The Kindle and its free books have been a boon; I’m reading genres I normally don’t, by authors (and publishers) I usually don’t have time for.
However, I recently read one freebie book which left me with mixed feelings.
Generally, I enjoy the books I read. If I don’t, I usually continue reading them because I’m interested in the topic (these are typically non-fiction books.)
I just had that experience with a fiction book.
The book? Deeper Water by Robert Whitlow. Publisher: Thomas Nelson.
The premise: a 24-year-old, second year law student goes from her home in rural Georgia to Savannah for the summer to clerk for a large law firm and gets a practice case for a man who knows something about a 40-year-old murder.
Sounded interesting to me.
When I started the book, I was interested because the main character, Tami, turned out to be homeschooled. Huh. I hadn’t seen that in a novel before. Since I was homeschooled for a time, I was interested.
Soon it became clear that her homeschooling experience and mine were vastly different.
I’m fairly conservative, however Tami and her family took that to an unknown extreme. She had to get permission to take the job from her parents, where to live, etc.
While I finished reading the book, I walked away dissatisfied. For the first time in recent memory, I hadn’t liked the main character for a wide variety of reasons: Her family’s beliefs were leaving her completely unprepared for life, and as an aspiring attorney, I didn’t feel the premise was realistic. If this family was so straight-laced as they put on, I couldn’t see them allowing their daughter to go to law school, let alone pursuing a career of any kind.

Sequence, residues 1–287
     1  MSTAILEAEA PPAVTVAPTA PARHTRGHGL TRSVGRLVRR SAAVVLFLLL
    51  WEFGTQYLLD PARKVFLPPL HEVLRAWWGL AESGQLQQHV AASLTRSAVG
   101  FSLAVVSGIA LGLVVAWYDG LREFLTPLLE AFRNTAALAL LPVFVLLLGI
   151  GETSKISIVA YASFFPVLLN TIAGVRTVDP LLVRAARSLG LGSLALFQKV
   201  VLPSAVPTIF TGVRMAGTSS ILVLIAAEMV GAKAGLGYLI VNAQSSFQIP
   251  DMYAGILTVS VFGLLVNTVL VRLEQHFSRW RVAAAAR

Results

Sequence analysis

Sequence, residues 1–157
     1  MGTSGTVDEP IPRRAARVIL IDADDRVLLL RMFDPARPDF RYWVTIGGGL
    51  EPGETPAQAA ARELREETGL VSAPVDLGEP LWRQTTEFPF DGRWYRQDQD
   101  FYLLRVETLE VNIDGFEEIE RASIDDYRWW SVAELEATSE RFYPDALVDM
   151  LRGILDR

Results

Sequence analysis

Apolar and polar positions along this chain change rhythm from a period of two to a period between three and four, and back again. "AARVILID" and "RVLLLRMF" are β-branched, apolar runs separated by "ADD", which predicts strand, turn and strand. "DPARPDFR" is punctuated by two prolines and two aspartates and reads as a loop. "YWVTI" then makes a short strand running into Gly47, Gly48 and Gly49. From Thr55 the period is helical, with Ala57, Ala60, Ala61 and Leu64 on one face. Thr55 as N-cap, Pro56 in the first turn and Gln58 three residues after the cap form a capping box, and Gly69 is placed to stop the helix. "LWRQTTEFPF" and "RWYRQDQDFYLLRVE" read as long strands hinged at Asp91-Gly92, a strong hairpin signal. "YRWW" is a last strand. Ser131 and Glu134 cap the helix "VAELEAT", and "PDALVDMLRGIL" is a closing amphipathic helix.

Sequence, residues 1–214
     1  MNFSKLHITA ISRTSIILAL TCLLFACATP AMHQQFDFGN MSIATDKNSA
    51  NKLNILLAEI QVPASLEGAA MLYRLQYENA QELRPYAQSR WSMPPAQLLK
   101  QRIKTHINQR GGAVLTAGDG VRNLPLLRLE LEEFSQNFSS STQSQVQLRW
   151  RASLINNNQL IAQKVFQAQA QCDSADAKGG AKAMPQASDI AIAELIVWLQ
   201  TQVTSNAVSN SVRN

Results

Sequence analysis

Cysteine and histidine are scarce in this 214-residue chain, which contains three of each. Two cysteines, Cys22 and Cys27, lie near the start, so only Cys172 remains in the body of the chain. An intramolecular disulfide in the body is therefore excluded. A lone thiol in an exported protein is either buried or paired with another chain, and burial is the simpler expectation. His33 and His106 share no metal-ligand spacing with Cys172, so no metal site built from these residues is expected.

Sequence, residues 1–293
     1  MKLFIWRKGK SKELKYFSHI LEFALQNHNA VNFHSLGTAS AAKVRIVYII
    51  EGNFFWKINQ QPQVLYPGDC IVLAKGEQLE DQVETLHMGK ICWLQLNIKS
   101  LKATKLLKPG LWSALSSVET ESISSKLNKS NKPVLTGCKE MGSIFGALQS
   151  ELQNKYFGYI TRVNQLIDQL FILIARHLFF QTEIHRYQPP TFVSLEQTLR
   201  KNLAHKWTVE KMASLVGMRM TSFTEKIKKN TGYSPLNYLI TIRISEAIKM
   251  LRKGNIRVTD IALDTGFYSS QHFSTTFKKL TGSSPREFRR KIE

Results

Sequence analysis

I also didn’t appreciate the fact the family was judgmental towards others. It seemed to me that if you didn’t fully agree with their religious perspectives, it didn’t matter whether you claimed to be a Christian–you needed conversion of some sort. This probably bothers me because I do feel like I deal with this on a relatively frequent basis from some of those in my circle.
From a writer’s perspective, I actually learned a bit from this book–unfortunately, mostly on a “what-not-to-do” level. First, it reinforced for me the novelists theory (especially for mystery/suspense writers) you must not start the book to early or too late. I honestly felt this book started too early, and a great deal of what was covered could have effectively been handled in little chunks of back story. Of course, this would have dramatically shortened the book (which probably would have been a good thing.)
Having sympathetic characters was another important thing. While I realize not everyone will like or sympathize with every character (and this one definitely met my criteria), it’s important you can relate to them if you want to keep readers. Other than the homeschooling factoid, I found it extremely difficult to care about Tami. She seemed weak in most areas because she was leaning too hard on her parents as a 24-year-old young woman. From my perspective, her parents were doing her a disservice. But that’s neither here nor there.
Anyway, here’s my question for you: Have you hung in with a book where you didn’t like the story or characters? If you have, why did you? What, if anything, did you learn from the book? In the end, did you like the book or were you more like me–dissatisfied and very unlikely to read anything more from the author?
Until next time,